We’ve gotten pretty used to talking about e-commerce and brick & mortar retail as if they were two entirely separate things operating in parallel universes. In fact, industry commentators often treat the “on-line shopper” as some sort of new species.
Yet more and more the notion of e-commerce as a channel unto itself is collapsing. A distinction without a difference.
Yes, some on-line only businesses like Amazon will continue to thrive, and no doubt we will continue to see purely digital retailers launched. Some will carve out profitable niches.
But with few exceptions, the real action–and the biggest source of future growth–lies with omni-channel retailers, that is, those brands with a compelling presence in brick & mortar and on the web (and mobile, and social, etc.).
When the media quotes the rapid growth of e-commerce, don’t forget that much of that growth is fueled by the digital operations of traditional brick and mortar players such as Macy’s, Best Buy and Neiman Marcus.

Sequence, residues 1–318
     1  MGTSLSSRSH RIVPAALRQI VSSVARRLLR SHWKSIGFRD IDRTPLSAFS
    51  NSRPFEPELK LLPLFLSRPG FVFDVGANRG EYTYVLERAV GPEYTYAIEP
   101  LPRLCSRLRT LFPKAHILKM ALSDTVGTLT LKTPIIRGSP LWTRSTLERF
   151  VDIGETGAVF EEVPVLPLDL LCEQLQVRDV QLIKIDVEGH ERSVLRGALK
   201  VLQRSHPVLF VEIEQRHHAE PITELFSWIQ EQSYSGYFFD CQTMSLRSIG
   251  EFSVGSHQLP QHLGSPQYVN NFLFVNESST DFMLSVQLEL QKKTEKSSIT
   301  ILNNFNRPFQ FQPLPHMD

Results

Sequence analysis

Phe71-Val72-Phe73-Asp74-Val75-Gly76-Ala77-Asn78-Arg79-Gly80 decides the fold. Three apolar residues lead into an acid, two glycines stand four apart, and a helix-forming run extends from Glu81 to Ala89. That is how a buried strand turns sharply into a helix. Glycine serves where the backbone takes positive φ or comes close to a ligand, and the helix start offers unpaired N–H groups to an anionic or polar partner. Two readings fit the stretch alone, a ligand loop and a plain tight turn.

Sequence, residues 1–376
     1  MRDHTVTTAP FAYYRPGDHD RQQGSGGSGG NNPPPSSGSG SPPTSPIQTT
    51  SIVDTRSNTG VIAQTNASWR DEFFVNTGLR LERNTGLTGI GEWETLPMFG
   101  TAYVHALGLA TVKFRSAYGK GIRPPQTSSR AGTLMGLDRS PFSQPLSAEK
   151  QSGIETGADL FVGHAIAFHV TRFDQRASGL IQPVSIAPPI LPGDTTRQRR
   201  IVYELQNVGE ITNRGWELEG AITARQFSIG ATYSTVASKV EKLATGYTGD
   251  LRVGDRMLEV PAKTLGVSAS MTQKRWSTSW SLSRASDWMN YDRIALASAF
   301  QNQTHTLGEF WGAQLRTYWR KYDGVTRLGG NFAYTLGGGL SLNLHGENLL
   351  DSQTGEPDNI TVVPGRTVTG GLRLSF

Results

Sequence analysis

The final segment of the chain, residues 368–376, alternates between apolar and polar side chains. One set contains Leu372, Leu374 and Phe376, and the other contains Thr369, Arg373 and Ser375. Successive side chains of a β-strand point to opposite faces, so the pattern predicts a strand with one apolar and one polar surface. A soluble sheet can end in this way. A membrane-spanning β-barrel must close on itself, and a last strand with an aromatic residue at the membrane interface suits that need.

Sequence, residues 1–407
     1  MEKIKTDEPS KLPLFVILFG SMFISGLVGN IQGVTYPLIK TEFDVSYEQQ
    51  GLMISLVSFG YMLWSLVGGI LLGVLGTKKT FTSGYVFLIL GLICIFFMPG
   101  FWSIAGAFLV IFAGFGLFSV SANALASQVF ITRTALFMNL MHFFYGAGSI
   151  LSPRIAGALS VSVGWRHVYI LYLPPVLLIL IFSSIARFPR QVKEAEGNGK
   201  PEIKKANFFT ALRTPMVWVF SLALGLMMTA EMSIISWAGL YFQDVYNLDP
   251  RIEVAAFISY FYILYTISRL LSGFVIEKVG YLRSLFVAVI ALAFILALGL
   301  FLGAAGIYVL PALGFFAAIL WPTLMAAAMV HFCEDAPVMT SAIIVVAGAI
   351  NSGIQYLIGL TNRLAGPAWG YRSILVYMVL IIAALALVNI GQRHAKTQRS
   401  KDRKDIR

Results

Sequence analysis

The reasons for this are simple. Consumers think brand first, channel second. Consumers use multiple touch points on their purchase decision journey. More and more, consumers value the unique convenience of on-line shopping, but often will appreciate the unique benefits of a physical store.
Forward thinking omni-channel retailers like Nordstrom have stopped breaking out the sales of their e-commerce division and their brick and mortar stores because they accept the idea that the distinction is increasingly meaningless. More importantly, they act on this insight and have worked hard (and invested mightily) to eliminate shopping friction and make their brand available anytime, anywhere, anyway.
So forget e-commerce and brick & mortar. Stop with the separate P&L’s, non-sensical incentives and channel-centric customer analysis.
Put the customer at the center of everything you do, and build from there. Rinse and repeat.